Reading Resolutions 2014

I am a resolution girl – I love setting goals for the new year, and at the end of the year seeing where I am. I don’t get overly upset if I haven’t met all of them, I celebrate what I have accomplished and re-evaluate for the next year. So now’s the time to make those 2014 resolutions.

1) Read 50 Books: Every year I aspire to read 50 books. I have never hit that number – what with school, work, my magazine obsession which takes away from book reading time. Another year to try and hit that goal again.

2) Blog More: Since coming back to the blog, I know my posts have been a little spotty and I haven’t been great about posting reviews. In 2014 I will review all the books I read for the blog, and post at least once a week.

3) “Books Around the World”: I’m a traveler – I love to travel the world, so in 2014 my bookshelf will too. Within my 50 books, and posting reviews for all the books I read for the blog I want to expand my international reading. So once a month I will read a book written from a writer in another country that has been translated into English. It will be a new regular feature to the blog, so if you would like to join along let me know. And let me know any personal favorites you have in this category.

That’s it. I want to be realistic, and I feel really good about these resolutions. I can’t wait to see what 2014 has in store. Thank you for being with my on my reading journey in 2013, and I look forward to sharing 2014 with you all.

Wishing you a very happy, healthy new year!

Happy Reading! xoxo

2013 in Books

Wow – where has 2013 gone? It has certainly been a wonderful year filled with many great things, including some good books. I didn’t hit my reading goal of 50, but I’m ok with that. I will have my reading resolutions post out soon but in the meantime I wanted to share with you some of my favorites and not-so favorites of 2013.

Best of 2013
I had two top favorites for this past year (sorry, I know a tie isn’t fair, but it’s my blog so I can do what I like, right). They are the two that I have been recommending to people.

The Age of MiraclesThe Age of Miracles by Karen Thompson Walker
I did write a review of this one for the site. Aside from my like of good post-apocalypse fiction, this book was a solid coming of age story that I really enjoyed.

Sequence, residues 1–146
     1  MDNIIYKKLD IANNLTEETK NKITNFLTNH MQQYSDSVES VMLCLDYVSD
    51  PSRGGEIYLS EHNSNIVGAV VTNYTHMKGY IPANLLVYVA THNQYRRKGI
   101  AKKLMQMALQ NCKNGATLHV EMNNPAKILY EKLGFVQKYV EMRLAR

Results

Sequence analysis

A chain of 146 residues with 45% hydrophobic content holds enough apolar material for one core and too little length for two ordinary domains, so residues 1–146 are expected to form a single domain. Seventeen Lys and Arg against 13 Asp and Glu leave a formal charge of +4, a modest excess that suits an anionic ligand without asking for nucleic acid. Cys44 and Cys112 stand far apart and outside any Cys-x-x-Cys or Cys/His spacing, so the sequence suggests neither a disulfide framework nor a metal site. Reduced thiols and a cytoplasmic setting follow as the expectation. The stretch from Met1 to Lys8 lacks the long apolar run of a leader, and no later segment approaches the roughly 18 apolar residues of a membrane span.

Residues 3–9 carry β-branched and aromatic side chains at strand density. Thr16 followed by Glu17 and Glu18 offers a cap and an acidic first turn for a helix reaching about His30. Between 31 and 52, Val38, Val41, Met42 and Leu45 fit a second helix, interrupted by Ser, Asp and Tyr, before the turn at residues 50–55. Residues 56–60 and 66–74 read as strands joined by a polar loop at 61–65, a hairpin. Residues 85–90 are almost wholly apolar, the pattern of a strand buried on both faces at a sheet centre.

The Snow ChildThe Snow Child by Eowyn Ivey
I’m not sure what happened this summer that I didn’t get a review on the site, but this was such a wonderful book – a true adult fairytale. It’s winter now, grab this book and curl up with a cup of tea and a plate of cookies (I’m thinking speculoos).

And here’s a wildcard – one that wasn’t part of the tie, but still really good …

The Night Circus by Erin Morgenstern was also very charming and if you haven’t read it you probably should.

Overrated of 2013
Beautiful RuinsBeautiful Ruins by Jess Walter
Not that it wasn’t a good book. It was, and had some very interesting writing techniques, but I didn’t find it as great as I was expecting it to be. Here is my review.

I had a strong reading start, and then it got set back because of school, marathon training and such – but here’s my Goodreads list of many of the books I read this year.

How was your year. What was your favorite? What about one that you were expecting more out of?

Review: The Interestings by Meg Wolitzer

1594488398.01._SX140_SY224_SCLZZZZZZZ_Summer camp in your high school years – a place where you can make a few summer friends, or in the case of Jules, Ash, Ethan and Jonah, friends for life. During the summer of 1974 these four teenagers find themselves building unlikely friendships and relationships in an arts camp upstate. Ash and Jonah are the beautiful ones with lives of privilege in New York City, Ethan is the gawky but talented one from a broken, and definitely not privileged, life in the City, and Julie, who arrives at the camp on scholarship to help her escape from her father’s death, leaves the camp as Jules, forever hating a middle class life in the NY burbs. This is the world Meg Wolitzer builds in The Interestings.

I was immediately pulled in to all of these characters, rooting for them even when they really annoyed me. Not only was I drawn to them because of who they were, but because Wolitzer wrote them all so beautifully, no one was one-dimensional, even with some of paths and breaks, and heartaches they had (maybe a little too much for 4 friends), they were all believable.

The book did seem a little long in places (we travel their journey from the 70s to present-ish day), more because I think Wolitzer didn’t want to get rid of some lovely passages she wrote, even if they were unnecessary to move the story along. But overall I found myself thinking in many places how well-written it was, and how Wolitzer can really turn a phrase. I’m glad I stuck through it in parts that were getting a little slow because it was so well worth it in the end.